Ripudaman Singh Malik, the man acquitted in the 1985 Air India terrorist bombing, has been killed in a targeted shooting in Surrey, B.C. An employee who works at the car wash near the site of the shooting said he heard shots and ran outside to find Malik unconscious in his car. "There was three gunshots. One hit on the neck, that's it. And I just took him out. He was alive," said the man, who didn't want to be named because of safety concerns. Police arrived in about 10 to 15 minutes, he said, and an ambulance took longer. The man said he knew Malik as a customer at the car wash and because he had a business nearby. Sarj Basra, the owner of the Auto Shine Car Wash and Detail, wasn't at work when the shooting happened but said it's upsetting and scary that something like that would happen in their neighbourhood. "Someone we know has passed away to violence,"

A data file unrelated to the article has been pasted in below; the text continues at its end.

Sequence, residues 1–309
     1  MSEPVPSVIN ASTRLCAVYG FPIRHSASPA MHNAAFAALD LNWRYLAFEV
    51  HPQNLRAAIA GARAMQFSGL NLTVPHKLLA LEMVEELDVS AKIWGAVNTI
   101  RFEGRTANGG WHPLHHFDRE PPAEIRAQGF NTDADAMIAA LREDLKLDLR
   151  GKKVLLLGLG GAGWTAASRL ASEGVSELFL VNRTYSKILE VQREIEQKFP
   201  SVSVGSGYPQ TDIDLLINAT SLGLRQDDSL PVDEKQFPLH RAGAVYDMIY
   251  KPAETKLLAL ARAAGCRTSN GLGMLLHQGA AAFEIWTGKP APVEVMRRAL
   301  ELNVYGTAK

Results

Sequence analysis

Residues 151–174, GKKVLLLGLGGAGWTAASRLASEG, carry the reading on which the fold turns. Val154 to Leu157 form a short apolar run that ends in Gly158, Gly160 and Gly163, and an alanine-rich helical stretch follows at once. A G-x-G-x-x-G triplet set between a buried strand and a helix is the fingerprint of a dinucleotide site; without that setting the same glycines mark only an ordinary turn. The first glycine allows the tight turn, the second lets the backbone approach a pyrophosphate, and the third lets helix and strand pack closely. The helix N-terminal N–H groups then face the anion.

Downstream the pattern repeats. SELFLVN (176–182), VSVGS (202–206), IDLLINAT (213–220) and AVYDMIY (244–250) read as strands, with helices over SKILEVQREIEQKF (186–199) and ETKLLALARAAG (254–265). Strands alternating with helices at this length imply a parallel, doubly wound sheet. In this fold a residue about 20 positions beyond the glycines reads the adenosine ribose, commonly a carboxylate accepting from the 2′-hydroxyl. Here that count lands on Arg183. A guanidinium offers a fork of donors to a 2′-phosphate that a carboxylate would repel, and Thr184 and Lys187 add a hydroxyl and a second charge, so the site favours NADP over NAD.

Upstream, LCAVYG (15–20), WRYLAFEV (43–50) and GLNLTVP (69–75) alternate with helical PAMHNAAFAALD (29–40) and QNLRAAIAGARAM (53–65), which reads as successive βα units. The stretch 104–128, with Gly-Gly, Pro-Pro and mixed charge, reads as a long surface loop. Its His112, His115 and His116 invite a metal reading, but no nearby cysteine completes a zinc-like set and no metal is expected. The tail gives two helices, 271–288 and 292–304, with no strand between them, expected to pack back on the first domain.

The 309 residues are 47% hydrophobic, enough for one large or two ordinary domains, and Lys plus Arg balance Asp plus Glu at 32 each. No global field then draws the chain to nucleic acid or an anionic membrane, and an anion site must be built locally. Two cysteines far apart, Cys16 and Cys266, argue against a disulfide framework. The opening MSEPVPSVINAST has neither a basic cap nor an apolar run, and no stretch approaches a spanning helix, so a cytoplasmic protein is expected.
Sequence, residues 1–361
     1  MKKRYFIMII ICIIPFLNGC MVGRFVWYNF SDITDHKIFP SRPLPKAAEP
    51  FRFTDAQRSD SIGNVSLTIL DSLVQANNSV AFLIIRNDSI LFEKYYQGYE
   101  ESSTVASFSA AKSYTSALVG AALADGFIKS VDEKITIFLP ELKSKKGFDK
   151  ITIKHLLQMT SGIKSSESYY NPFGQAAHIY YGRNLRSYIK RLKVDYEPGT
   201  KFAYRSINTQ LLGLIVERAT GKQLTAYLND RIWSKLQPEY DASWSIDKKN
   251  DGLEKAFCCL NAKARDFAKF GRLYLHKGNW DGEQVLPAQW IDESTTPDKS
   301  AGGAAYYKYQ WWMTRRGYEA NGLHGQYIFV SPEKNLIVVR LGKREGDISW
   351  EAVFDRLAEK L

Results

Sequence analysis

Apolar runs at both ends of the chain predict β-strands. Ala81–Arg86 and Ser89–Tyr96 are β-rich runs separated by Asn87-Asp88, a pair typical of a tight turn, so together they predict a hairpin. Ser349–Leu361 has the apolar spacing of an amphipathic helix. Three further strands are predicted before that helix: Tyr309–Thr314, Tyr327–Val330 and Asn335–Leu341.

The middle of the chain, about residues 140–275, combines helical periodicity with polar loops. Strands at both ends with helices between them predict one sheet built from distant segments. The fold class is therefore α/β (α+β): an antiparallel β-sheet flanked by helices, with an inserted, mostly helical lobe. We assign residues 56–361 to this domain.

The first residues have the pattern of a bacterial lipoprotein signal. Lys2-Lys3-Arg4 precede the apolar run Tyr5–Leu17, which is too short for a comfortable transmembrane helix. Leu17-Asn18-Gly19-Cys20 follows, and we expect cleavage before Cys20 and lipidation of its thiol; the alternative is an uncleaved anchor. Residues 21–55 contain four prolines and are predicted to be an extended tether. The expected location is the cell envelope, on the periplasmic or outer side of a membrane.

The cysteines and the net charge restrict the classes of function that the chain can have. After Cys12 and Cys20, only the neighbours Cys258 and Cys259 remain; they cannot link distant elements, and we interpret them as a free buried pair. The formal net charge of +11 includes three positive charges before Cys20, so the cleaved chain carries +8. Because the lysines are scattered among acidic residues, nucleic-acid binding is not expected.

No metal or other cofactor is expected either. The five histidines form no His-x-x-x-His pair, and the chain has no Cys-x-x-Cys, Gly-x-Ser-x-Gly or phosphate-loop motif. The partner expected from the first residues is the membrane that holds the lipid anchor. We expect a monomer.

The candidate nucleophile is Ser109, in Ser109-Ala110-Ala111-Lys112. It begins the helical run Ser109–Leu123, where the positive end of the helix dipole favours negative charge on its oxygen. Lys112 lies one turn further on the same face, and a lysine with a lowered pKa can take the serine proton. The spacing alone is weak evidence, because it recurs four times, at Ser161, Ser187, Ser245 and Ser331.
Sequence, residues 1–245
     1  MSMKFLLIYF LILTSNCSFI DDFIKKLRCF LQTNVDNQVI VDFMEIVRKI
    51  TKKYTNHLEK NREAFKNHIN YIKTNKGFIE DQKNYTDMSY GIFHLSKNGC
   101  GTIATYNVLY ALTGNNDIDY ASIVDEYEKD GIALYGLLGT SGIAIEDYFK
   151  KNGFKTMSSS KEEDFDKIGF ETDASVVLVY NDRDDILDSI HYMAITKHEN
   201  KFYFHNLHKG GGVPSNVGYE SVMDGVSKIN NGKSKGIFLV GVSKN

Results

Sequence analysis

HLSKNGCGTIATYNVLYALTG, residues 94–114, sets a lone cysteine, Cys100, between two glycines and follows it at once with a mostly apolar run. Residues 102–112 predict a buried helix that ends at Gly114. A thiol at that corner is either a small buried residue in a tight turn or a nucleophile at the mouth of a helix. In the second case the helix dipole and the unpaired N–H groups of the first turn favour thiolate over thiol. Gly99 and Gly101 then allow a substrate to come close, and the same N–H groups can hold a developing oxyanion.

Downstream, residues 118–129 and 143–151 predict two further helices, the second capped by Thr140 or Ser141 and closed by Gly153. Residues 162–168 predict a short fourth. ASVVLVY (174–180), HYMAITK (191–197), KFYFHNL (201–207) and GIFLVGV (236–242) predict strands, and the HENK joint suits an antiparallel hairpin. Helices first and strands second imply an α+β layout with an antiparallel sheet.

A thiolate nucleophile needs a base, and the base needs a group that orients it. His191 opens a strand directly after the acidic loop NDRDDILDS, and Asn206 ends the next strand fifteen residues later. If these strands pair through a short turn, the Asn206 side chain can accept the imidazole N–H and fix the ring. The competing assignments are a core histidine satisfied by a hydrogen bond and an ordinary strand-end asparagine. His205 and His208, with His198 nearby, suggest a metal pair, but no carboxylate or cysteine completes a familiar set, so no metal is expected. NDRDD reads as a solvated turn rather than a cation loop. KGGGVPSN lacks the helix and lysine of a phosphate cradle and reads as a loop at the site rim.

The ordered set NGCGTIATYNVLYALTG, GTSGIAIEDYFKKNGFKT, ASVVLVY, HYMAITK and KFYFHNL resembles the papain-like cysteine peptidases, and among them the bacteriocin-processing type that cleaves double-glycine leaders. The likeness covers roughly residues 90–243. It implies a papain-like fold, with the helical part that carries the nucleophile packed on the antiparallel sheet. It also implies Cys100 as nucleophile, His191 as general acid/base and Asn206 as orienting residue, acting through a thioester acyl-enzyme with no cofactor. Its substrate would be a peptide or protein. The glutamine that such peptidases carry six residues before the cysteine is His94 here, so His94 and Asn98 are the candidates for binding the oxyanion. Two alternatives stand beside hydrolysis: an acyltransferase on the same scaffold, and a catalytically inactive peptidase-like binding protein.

Basra said. He described Malik as a calm, gentle man. "He was always joking. You know, always coming in here, talking to us, standing around. (He) would come here, joke around with us and say, 'You know guys get to work, they're sitting around here, here's the keys to my car.'" Basra said Malik was a customer and many of his vehicles were serviced at his business. RCMP said in a news release that a man died in what appeared to be a targeted attack on Thursday morning, but they did not name the victim. Police said a vehicle believed to be used in the shooting was found fully engulfed in fire a few blocks away. "The investigation is in the early stages and police are still looking for the suspects and a second vehicle that may have been used as getaway vehicle." Malik and his co-accused, Ajaib Singh Bagri, were found not guilty in March 2005 of murder and conspiracy in a pair of Air India bombings that killed 331 people on June 23, 1985. B.C. Supreme Court heard during the trial that a suitcase bomb was loaded onto a plane at Vancouver's airport and then transferred in Toronto to Air India Flight 182. The aircraft crashed into the Atlantic Ocean off the coast of Ireland, killing 329 passengers and crew.About an hour later, a bomb destined for another Air India plane exploded prematurely at Tokyo's Narita Airport, where two baggage handlers died. Inderjit Singh Reyat, the only man convicted in the bombings, testified for the Crown at Malik and Bagri's trial and was later convicted of perjury. Source
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